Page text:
Episode 104: The Gathering
All of Clan Mackenzie is making their way to Leoch for the Gathering and Claire hopes the crowds and excitement of this will mean an easy escape for her. She busies herself with learning the lay of the land and leaving crumbs for herself in the form of hair ribbons, all under the guise of childsplay as the sentries watch on.
If only she could figure out a way to lose Angus and Rupert who have been tasked with watching her every move.
Geillis surprises Claire in her surgery one day amidst all of the preparations. She has brought a bottle of port Claire requested. Geillis notices that Claire seems to have a very large supply of valerian root and explains that she doses her husband with it so make him sleep so in turn she can too. Claire’s plan for diversion for her ever-present shadows Angus and Rupert is becoming clear.
Valerian root is known as “herbal Valium” due to its ability to calm the central nervous system and relax muscles. In fact, valerian root contains a chemical that activates parts of the brain similar to those affected by benzodiazepines like Valium and Ativan. Benzodiazepines act by enhancing the effect of the neurotransmitter GABA (gamma-aminobytryic acid), resulting in sedative, hypnotic (sleep-inducing), anxiolytic (anti-anxiety) and muscle relaxant effects.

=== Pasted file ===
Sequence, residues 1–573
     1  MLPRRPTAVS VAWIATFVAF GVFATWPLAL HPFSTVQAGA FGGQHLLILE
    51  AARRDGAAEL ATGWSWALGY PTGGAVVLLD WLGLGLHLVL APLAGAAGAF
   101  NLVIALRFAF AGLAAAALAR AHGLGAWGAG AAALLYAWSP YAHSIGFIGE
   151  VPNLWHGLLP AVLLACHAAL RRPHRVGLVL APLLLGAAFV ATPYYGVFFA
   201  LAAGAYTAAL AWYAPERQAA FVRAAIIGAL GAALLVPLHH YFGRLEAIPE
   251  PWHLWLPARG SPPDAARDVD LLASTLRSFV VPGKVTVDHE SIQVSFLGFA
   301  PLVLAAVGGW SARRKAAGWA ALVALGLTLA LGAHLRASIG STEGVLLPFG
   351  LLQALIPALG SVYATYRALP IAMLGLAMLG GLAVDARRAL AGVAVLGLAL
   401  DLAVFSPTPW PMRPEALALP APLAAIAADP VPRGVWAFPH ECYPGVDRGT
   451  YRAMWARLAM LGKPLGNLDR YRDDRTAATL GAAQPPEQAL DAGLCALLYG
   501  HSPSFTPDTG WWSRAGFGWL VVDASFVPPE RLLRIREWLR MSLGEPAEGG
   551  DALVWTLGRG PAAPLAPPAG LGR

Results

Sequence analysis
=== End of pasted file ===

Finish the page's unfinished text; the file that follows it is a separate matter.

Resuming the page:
Claire indeed has a plan. She has added valerian root to the port she has obtained from Geillis. The addition of a sedating medication like valerian root to alcohol will make the sedative effect even stronger. After Angus takes his oath before Colum, Claire begins to head back to the surgery, to prepare for the hunt, she says. Poor Angus does not want to miss out on the festivities and begs Claire to stay at least until he “bags a lass for the evening.” Our smart Claire seems to surrender and takes a swig of the port she has in her pocket and then offers it to Angus but she spits out the doctored port while Angus is too busy drinking a good half of the bottle in one swig to notice.
Ah, Angus. Gotta love him.
“That’s no Rhennish!”
“Its port. Very expensive.”
“Port. ‘Tis very strong.”
“Canna seem to keep my legs!”
“Its a sedative.”
“Is that Spanish?”
Claire offers Angus the bottle of port to share with his friends and he is quickly off into the crowd. Claire can now escape to the surgery to gather her supplies and disappear from Leoch.
But alas, her plans again are foiled when she literally stumbles upon Jamie in the stable. He points out that there is no hope of escape tonight, when Dougal has reinforced the guard around the castle during the Gathering. Back to the castle they head and Jamie is unexpectedly presented to take his oath as well.
Early the next morning after the oath taking, the men are preparing for the boar hunt. Claire in unimpressed. “Quite the show of force for a pig hunt.” Little does she know… A healer will be needed!